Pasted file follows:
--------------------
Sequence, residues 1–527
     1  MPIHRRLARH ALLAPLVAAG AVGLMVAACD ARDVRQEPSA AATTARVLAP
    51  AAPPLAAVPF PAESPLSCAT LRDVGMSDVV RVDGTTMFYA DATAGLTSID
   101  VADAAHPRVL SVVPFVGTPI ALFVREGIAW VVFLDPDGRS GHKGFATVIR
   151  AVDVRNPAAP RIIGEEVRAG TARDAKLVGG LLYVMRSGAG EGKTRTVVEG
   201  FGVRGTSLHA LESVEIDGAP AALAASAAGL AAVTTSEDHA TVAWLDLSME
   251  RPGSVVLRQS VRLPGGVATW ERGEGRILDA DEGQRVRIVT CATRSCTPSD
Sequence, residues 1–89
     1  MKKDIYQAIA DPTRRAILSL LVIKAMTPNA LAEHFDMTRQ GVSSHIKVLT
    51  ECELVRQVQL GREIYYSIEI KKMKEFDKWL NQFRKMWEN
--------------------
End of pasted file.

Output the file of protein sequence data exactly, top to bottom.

Sequence, residues 1–527
     1  MPIHRRLARH ALLAPLVAAG AVGLMVAACD ARDVRQEPSA AATTARVLAP
    51  AAPPLAAVPF PAESPLSCAT LRDVGMSDVV RVDGTTMFYA DATAGLTSID
   101  VADAAHPRVL SVVPFVGTPI ALFVREGIAW VVFLDPDGRS GHKGFATVIR
   151  AVDVRNPAAP RIIGEEVRAG TARDAKLVGG LLYVMRSGAG EGKTRTVVEG
   201  FGVRGTSLHA LESVEIDGAP AALAASAAGL AAVTTSEDHA TVAWLDLSME
   251  RPGSVVLRQS VRLPGGVATW ERGEGRILDA DEGQRVRIVT CATRSCTPSD
Sequence, residues 1–89
     1  MKKDIYQAIA DPTRRAILSL LVIKAMTPNA LAEHFDMTRQ GVSSHIKVLT
    51  ECELVRQVQL GREIYYSIEI KKMKEFDKWL NQFRKMWEN